What is the role of publishers in the Ministry of Culture and Sport’s new Plan for the Promotion of Reading 2021-2024?

Basically, we are content providers, as they say nowadays. But we are also legally responsible for making sure that what we bring to the market is original, complete, respectful of the author, who is its creator, and capable of satisfying a reader who lives in a society that we try, with modesty, but also with perseverance, to improve in more than one way.  

One of the challenges of this plan is to give prestige to reading and it poses the question: “Why read? There are plenty of arguments to answer this question, but if you had to give just one, what would it be? 

That reading is still the best and most pleasurable way to live other lives and not limit ourselves to our brief and poor sensory existence. To read is to live more.

Books are Spain’s leading cultural industry. It has an annual turnover of more than 3,000 million euros and employs, directly and indirectly, more than 30,000 people. Where can the sector continue to grow?

If we analyse the figures on reading habits, we see that there is still a third of the population that never or hardly ever reads. This is a very high figure and below the European average. This indicates that we can still manage to attract a good number of people to our books. Furthermore, we have the Spanish language, which is the second most widely spoken language in the world, both as a first and second language, and this opens up a potential market that we must continue to explore. That is why we are committed to internationalisation and export.

How do you see the digital future?

Digitalisation is something that is increasingly present in our lives and in all our activities. In the publishing sector, we have to look at it in different ways. One has to do with the digital book, a format on which we have been working for more than a decade, and which is at a high level of development. Many of our new titles and a large part of our catalogue are already digitised. But we also have to look at digitalisation in other aspects of our activity: in the printing and distribution of our books, in the promotion of our books, in the direct contact that digital tools allow us to have with authors and readers. New technologies are transforming the way we publish and reach readers.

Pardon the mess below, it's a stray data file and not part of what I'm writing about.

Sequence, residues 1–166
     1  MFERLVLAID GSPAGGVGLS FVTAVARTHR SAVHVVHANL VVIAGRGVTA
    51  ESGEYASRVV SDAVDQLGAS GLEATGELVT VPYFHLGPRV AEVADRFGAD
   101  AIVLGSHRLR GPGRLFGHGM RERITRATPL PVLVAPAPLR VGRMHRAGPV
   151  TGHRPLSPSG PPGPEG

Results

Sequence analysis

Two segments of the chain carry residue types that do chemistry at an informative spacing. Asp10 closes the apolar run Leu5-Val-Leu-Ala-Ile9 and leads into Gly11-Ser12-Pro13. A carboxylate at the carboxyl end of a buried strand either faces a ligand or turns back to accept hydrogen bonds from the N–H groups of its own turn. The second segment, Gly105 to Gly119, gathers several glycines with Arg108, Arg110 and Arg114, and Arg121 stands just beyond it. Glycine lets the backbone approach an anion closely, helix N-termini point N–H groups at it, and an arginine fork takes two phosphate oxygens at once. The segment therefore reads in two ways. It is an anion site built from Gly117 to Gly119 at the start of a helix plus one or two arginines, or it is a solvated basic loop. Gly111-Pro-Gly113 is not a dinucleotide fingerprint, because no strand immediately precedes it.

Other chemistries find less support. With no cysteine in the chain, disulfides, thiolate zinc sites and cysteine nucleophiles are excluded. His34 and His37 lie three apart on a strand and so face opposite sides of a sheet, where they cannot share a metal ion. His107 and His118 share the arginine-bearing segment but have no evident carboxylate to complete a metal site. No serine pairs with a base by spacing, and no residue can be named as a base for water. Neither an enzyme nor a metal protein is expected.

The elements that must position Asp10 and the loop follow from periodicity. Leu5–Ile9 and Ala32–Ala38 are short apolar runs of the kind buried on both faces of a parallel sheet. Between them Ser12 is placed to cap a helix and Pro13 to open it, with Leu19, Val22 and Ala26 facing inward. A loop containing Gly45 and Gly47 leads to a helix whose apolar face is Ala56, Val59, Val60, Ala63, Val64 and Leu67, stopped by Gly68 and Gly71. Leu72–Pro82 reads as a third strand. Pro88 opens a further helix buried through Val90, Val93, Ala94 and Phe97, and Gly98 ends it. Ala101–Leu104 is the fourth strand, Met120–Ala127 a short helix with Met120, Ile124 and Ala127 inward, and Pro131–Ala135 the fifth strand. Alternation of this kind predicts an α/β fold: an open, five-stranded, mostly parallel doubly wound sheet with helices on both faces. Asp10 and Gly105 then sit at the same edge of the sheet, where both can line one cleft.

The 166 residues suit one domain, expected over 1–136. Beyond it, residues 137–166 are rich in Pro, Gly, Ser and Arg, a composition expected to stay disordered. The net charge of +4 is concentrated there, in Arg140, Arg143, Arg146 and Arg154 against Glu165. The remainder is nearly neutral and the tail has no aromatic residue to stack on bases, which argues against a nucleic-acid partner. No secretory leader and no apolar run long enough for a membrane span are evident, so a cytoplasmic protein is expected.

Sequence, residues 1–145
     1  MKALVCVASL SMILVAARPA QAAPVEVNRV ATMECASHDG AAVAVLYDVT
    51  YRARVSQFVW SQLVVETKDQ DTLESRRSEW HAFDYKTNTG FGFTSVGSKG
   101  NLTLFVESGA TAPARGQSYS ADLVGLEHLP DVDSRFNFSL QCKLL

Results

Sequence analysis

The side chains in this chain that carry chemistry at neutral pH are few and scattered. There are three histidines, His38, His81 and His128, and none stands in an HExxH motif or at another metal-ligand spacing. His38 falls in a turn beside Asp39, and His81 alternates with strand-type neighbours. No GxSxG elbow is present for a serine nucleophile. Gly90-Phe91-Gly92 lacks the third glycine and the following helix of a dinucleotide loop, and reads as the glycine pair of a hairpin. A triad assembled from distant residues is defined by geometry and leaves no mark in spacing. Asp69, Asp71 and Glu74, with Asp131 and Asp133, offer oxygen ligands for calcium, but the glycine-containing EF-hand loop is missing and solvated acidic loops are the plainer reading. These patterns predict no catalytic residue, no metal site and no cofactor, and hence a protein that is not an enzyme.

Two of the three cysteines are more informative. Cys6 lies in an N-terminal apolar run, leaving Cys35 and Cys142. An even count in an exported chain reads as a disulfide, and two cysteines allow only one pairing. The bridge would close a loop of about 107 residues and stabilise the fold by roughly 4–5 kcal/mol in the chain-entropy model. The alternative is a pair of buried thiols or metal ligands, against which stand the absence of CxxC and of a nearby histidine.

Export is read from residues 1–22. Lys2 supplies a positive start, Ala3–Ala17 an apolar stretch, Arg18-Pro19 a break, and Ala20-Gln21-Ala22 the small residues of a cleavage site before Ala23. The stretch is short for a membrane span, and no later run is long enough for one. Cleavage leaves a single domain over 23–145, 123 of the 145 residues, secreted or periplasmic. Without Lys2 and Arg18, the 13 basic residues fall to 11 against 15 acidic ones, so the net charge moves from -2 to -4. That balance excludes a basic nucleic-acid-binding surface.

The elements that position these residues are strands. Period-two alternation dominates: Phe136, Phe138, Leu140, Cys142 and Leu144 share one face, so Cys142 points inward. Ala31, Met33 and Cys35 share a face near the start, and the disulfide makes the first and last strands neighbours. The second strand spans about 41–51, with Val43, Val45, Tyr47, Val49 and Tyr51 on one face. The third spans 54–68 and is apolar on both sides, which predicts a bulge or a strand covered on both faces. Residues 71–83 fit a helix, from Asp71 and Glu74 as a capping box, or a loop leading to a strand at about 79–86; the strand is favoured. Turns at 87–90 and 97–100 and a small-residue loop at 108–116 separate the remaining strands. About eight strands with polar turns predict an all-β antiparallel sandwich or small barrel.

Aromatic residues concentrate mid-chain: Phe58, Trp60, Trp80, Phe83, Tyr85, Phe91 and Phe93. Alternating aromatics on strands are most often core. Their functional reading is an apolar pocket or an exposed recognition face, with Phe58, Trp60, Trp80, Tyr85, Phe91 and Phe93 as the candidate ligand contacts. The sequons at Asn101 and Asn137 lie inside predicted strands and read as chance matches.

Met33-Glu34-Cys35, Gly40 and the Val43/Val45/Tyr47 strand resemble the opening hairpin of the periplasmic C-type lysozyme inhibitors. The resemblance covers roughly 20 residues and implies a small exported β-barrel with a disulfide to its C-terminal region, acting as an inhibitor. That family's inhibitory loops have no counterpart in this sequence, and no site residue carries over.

What does it mean for the sector that Spain is the Guest of Honour at the Frankfurt Book Fair?

It represents a unique opportunity to showcase the creative capacity of our authors, the quality and diversity of Spanish publishing.

Bibliodiversity is, according to the definition of the International Alliance of Independent Publishers, “cultural diversity applied to the world of books, i.e. the necessary diversity of publishing productions made available to readers”. How diverse is the book sector in Spain?

When we talk about Spanish publishing, one of the characteristics we usually highlight is precisely the bibliodiversity of the book industry. Our sector has more than a thousand publishing companies. Although there are large groups, there is a very significant number of small and medium-sized publishing houses that publish a wide variety not only of titles but also of genres. Many of these publishers are highly specialised and have reached a level of quality that makes them recognised worldwide.

What is the commitment of publishers to the 2030 Agenda?  

A clear and total commitment. Let’s think about Sustainable Development Goal 4, Quality Education, or Goal 10, Reducing Inequalities. One of the ways to achieve them is by providing the population with access to tools, such as books, that contribute to learning and to any person or society being able to train in order to achieve their development. We publishers work to make it easier for knowledge, diverse opinions, research and written creation to reach the entire population.

Daniel Fernández holds a degree in Hispanic Philology from the Autonomous University of Barcelona, a Diploma in Cultural Business Administration from ESADE and a Graduate School of Public Administration from NYU. He was director of the magazine Saber and the Catalan magazine L’Avenç, as well as general director of Ediciones Grijalbo and literary director of the Grijalbo-Mondadori Group. He is currently the editor and head of EDHASA (Editora y Distribuidora Hispano Americana, S.A) as well as Castalia and chairs Ediciones Prensa Libre.   

The FGEE is an association created in 1978 to represent and defend the general interests of the publishing sector. It currently represents the guilds of Madrid, Catalonia, the Basque Country, Andalusia, Galicia, Valencia and Castile and Leon, as well as the National Association of Publishers of Books and Teaching Materials (ANELE) and the Association of Publishers in the Catalan Language (AELLEC).